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How to Perform Yagna: An Ancient Purification Practice

Saiisha
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Yogis have historically performed rituals as a way to connect with the cosmos and with their own higher consciousness. Rites and rituals are a means to mold our minds – to transform them from a place of chaos, confusion and chatter to a place of focus and reconnection with our center.
 

Rituals bring our minds into a place of focus and reconnection with our center.

 
Modern yogis can benefit greatly from ancient rituals that have served this purpose for thousands of years. Yagna is one such ancient ritual that uses fire as a medium to create that connection with your calm center and your higher self.
 

Fire as a sacred element

Fire was the first element that humans discovered. The other three elements (earth, wind and water) were already there in plain sight. Finding fire gave power to humans to protect themselves, to cook their food, and to cleanse their environment.
 

Learning to tend fire was the turning point for humans to elevate themselves, and eventually evolve into vital sparks of consciousness.

 
Naturally, the sages of the ancient Vedic period placed the utmost importance on kindling the fire of creation. The first word in the Rig Veda (considered the oldest book of Sanskrit hymns) is “Agni,” the cosmic fire of the universe.
 
Incidentally, “Agni” is the root word for the Latin root “Ign” which is the root word for “Ignite” – isn’t it neat when we get small reminders that we’re all connected at the root?
 

So what does Yagna mean?

“Yagna” was a Vedic (meaning a practice related or connected to the Vedas) ritual that probably took shape between 1500 – 1200 BC, although the dates are widely debated. It began as a ritual of sacrifice to the sacred Agni.
 
The purpose of a Yagna ritual was to bring ancient yogis into direct contact with the source of the universe by connecting them with the elements – the underlying forces of creation itself. Ancient yogis began by building an altar of bricks made from soil, added logs and kindle, started fire from flint-stones, fueled it with ghee (clarified butter), and chanted sacred verses from the Vedas.
 
But the most important ingredient was to sacrifice something meaningful into the fire. These Yagnas were big – they sometimes continued for days on end – and were performed for the welfare of the society, power to the country, or for peace on earth.
 

 

But why should you perform Yagna?

Although they were performed for the community, Yagna is also an activity of the soul, for a person who gains the fruits of his karmas (actions) through his or her sacrifices.
 

Each soul has an inner fire, which is a reflection of the cosmic fire. As above, so below.

 
Tending to our inner fire requires consciousness, concentration, perseverance and a sense of purpose. When we neglect our inner fire, our passions and purpose go haywire because of fire’s destructive properties. But when tended carefully, fire provides focus for our purpose, destroys our inner impurities, and increases our intelligence.
 
Below are the steps to perform your own mini-ritual of Yagna at home:

1. Prepare

  1. Set your intention – this is very important for a Yagna to be successful
  2. Spend time to recognize what you need to let go of. This will be your “sacrificial offering.” What self-limiting thoughts and beliefs are you clinging to that you need to release so you can gain clarity on your purpose?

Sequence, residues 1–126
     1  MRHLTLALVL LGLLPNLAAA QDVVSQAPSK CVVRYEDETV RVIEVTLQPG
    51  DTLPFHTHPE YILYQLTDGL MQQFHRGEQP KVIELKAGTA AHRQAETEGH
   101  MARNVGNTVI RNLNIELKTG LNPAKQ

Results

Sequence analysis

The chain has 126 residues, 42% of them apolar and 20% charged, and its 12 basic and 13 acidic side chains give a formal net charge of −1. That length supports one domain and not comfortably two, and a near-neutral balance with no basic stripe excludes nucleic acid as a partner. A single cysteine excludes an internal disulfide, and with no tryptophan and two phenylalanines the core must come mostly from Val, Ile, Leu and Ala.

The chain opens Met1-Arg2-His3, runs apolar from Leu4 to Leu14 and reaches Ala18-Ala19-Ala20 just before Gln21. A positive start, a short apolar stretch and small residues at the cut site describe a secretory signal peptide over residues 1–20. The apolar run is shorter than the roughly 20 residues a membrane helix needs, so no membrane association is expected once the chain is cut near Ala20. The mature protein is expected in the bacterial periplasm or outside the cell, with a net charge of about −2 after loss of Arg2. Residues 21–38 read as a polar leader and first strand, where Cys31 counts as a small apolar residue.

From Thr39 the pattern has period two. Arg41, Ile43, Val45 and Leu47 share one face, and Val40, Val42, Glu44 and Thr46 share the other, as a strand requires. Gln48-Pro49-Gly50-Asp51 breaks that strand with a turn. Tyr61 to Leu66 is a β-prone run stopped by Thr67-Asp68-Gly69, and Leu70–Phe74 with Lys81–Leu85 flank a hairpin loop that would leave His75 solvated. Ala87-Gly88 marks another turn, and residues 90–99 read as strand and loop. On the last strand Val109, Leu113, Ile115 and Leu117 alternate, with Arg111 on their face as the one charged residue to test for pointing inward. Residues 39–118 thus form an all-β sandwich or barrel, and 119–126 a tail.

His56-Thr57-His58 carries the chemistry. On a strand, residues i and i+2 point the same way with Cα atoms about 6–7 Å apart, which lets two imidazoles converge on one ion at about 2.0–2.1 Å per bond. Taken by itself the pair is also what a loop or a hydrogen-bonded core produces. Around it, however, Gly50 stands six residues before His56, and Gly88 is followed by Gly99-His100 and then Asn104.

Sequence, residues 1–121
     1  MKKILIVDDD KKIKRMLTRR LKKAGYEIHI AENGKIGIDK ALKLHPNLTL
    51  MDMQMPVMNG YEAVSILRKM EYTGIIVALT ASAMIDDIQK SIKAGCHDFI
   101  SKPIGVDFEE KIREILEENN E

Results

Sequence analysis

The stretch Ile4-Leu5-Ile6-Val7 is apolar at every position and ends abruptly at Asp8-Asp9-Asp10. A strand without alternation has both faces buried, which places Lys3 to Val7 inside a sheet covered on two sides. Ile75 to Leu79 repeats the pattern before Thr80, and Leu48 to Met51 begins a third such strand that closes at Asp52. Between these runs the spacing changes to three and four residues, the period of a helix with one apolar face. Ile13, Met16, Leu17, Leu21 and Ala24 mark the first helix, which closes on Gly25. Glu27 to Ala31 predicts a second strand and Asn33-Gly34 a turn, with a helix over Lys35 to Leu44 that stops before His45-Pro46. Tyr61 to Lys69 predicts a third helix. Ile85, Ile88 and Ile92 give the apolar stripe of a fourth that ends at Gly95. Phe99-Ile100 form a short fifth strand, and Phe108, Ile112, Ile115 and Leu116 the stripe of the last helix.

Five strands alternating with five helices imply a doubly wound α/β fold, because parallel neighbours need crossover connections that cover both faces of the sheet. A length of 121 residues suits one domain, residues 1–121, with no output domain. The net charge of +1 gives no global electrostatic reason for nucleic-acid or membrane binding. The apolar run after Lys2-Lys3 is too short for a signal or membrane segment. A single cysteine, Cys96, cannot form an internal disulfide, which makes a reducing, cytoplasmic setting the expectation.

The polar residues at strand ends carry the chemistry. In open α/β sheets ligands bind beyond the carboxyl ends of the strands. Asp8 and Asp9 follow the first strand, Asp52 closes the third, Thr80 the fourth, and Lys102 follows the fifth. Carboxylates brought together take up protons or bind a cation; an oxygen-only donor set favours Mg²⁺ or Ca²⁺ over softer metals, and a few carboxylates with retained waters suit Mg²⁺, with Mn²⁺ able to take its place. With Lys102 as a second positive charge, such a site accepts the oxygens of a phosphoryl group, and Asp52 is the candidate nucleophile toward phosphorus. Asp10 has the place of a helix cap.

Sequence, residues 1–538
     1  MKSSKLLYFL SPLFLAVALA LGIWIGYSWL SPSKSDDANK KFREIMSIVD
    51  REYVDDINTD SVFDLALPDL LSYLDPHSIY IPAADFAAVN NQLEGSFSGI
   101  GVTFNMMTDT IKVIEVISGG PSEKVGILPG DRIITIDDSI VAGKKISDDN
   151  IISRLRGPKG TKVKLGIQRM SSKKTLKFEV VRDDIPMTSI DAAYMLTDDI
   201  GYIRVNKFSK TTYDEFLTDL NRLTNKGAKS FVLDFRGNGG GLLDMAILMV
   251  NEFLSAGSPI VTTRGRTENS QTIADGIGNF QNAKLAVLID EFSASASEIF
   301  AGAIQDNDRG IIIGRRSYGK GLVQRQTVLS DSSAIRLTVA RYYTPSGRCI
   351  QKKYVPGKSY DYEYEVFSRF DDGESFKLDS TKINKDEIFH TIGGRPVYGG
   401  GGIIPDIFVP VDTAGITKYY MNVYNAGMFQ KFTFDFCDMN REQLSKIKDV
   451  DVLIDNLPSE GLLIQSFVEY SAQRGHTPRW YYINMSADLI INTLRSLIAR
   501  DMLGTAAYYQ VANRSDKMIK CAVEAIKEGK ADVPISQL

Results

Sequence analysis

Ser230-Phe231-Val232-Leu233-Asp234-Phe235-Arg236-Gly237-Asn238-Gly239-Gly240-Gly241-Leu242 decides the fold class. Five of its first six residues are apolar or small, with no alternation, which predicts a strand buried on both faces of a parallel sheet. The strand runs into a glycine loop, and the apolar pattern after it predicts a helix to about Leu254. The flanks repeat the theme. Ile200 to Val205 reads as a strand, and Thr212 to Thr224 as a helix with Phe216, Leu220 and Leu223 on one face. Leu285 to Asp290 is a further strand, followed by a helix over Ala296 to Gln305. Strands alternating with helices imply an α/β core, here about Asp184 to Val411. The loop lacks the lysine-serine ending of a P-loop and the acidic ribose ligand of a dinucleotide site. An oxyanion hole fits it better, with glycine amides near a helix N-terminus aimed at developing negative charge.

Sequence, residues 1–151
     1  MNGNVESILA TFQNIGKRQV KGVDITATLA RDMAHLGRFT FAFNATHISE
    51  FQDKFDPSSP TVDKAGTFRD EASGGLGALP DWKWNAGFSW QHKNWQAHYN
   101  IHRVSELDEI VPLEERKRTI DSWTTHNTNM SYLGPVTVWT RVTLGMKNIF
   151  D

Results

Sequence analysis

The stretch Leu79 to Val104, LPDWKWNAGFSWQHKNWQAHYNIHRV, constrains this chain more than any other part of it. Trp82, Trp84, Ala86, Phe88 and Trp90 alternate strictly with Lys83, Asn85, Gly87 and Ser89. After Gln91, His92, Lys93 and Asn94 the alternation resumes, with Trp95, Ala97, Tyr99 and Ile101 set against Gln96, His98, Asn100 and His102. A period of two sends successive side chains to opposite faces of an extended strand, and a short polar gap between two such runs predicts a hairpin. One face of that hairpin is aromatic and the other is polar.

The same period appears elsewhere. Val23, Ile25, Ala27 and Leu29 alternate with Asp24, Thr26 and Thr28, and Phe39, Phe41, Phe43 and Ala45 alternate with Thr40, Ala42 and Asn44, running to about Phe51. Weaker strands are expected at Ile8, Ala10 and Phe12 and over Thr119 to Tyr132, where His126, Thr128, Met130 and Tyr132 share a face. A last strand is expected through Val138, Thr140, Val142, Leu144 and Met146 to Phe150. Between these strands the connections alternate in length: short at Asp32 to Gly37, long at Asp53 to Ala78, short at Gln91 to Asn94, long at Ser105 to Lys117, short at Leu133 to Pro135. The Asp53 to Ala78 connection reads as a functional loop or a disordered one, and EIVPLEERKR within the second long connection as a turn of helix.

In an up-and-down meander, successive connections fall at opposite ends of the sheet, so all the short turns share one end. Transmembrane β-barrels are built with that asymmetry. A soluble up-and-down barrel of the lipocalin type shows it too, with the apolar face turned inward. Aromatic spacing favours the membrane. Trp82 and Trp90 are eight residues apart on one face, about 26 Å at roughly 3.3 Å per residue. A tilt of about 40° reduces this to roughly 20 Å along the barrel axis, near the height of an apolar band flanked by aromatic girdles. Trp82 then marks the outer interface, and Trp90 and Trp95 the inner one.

3. Choose an affirmation or mantra that relates to your intention to recite at your Yagna
  4. Pick out a clay pot (without a hole) to represent the earth and hold the fire / flame
  5. Set a cotton wick in the pot that’s long enough to touch the bottom, but also to peek out at the top or the side, to keep the flame lit collect fuel for the fire: ghee (the purest you can find), camphor, or match sticks

 

2. Perform

  1. Find a quiet time in your day – first thing after your morning shower is the best time, when your mind is clear and your body is clean
  2. Set your clay pot in your sacred space (make sure it’s wiped clean)
  3. Add ghee or your chosen fuel to the clay pot with the wick
  4. Close your eyes and re-affirm your intention
  5. Open your eyes when you’re ready, and light the flame
  6. Gazing into the fire, repeat your affirmation 11 times (or 21, or 108, or 1008 – these are considered sacred numbers)
  7. Each time you repeat your chant, add a matchstick or a tiny piece of camphor to the flame, offering away your thoughts and beliefs that are holding you back
  8. At the end, before you get up from the Yagna, re-affirm your intention and purpose

 

3. Pointers

  1. Yagnas are not meant to be extinguished – be sure to let the fire go out on its own
  2. If you don’t have enough time to wait for the flame to go out, start with only a small amount of oil in the pot
  3. If the flame looks like it’s going out before you’re done, you can carefully add more oil to the pot\

 
Gazing into a fire or a flame can be mesmerizing, almost leading to a meditative state. Use the power of fire to drive your inner fire toward its purpose. You can perform a Yagna as an everyday ritual, or when you’re about to begin a new venture, or once a year to give a more emphatic direction to your current journey.
 
What are the limiting thought patterns or beliefs that you want to release? Have you practiced a Yagna ritual? Please share your questions, thoughts and experiences in the comments below – we love hearing from you!
 

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Saiisha

Saiisha is a soulistic life coach who guides older souls who are on a spiritual path but feeling lost towards the life they’re meant to live. Are you an old soul? Take the free 3P Quiz at: www.nestintheforest.com to see where you are in your journey!

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